Nearly 72 hours later, Indonesian rescuers are pulling bodies and wreckage from the sea off the coast of Borneo of AirAsia flight QZ850.

Again, the world asks, how is it possible that in 2014 we couldn't immediately locate an aircraft when it lost contact with air traffic control?

On Monday, FlyersRights president Paul Hudson stressed to Reuters, "It should be impossible for an airliner to go missing" in an age when people can track their phones and cars to within a few feet.

Better tracking and real-time flight-data monitoring became urgent issues after Malaysian Airlines flight MH370 went missing in March with 239 people on board, possibly flying for hours on autopilot as a "ghost plane" until its fuel ran out. It is thought to have crashed in a remote part of the Indian Ocean.

Its disappearance prompted the International Civil Aviation Organization, a United Nations agency, to set up a task force led by the International Air Transport Association on tracking systems.

IATA's working group, representing airlines, pilots, air traffic controllers and airplane makers, already has agreed aircraft should be tracked to the nearest nautical mile.

Air Disasters Outside of the US

2014 has seen crashes in other parts of the world, and it needs to be figured out what is being done differently.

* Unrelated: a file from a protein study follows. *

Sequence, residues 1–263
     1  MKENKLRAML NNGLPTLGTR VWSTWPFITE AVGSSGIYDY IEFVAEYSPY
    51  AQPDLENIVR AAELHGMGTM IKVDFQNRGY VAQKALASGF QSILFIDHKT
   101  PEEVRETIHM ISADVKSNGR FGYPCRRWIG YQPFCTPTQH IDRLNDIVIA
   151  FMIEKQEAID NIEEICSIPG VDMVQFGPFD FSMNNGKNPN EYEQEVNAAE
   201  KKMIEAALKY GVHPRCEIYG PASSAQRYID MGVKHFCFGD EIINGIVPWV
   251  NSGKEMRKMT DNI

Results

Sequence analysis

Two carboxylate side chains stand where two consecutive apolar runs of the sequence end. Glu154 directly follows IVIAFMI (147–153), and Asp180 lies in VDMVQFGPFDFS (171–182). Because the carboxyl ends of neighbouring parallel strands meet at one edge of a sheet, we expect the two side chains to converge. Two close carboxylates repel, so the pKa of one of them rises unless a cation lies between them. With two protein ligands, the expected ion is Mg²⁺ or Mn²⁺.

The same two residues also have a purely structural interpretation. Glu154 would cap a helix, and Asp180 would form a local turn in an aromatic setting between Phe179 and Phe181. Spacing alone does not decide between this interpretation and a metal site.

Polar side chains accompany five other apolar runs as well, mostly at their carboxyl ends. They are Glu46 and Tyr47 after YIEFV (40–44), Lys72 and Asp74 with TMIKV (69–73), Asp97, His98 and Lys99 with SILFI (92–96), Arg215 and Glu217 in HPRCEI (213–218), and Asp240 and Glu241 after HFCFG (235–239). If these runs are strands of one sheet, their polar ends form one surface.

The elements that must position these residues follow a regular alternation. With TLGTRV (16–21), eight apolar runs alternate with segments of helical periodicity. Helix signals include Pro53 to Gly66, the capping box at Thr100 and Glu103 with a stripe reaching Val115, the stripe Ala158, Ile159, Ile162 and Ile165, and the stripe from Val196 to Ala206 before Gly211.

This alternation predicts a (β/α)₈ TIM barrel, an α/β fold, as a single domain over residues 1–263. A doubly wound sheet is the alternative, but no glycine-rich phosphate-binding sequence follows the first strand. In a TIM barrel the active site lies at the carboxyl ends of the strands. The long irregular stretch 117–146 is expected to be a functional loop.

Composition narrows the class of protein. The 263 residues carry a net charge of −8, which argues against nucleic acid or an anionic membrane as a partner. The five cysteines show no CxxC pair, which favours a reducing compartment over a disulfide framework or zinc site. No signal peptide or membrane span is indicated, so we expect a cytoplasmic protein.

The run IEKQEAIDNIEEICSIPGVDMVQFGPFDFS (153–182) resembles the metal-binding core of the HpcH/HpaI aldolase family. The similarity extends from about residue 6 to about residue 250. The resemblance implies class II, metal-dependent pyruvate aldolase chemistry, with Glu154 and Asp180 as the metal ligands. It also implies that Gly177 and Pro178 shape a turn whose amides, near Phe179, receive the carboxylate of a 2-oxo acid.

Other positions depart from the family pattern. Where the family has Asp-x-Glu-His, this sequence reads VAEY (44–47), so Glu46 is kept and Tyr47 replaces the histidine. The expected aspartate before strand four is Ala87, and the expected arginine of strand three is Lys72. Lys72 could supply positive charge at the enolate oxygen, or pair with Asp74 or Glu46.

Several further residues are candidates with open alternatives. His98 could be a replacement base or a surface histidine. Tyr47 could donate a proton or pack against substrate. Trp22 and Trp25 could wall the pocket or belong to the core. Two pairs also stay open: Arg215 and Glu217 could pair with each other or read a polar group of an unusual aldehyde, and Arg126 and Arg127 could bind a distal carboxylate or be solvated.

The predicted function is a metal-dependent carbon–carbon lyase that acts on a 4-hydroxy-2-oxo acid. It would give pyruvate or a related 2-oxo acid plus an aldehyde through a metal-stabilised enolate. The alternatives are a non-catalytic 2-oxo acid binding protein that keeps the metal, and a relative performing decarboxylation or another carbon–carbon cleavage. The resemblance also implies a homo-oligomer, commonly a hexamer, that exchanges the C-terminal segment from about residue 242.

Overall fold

Here in the US, the last fatal accident involving a domestic commercial flight was Colgan Air Flight 3407, which crashed near Buffalo, killing 50 in Feburary 2009.

Is this the result of good US government? Appropriate, proactive protection and regulation?

It's been well documented that the the FAA continues to view its main task as promotion of the Airline Industry rather than as the lead advocate for commercial aviation safety.

And the airlines have a history of fighting requirements because they're "expensive", so the FAA - at best - makes recommendations or makes reporting voluntary.

As the world gets smaller, more Americans are flying outside of the country.  In much of the rest of the world, our level of pilot and engineer training, flight hours and personal commitment to safety does not exist, says aviation expert Chris Yates to DW.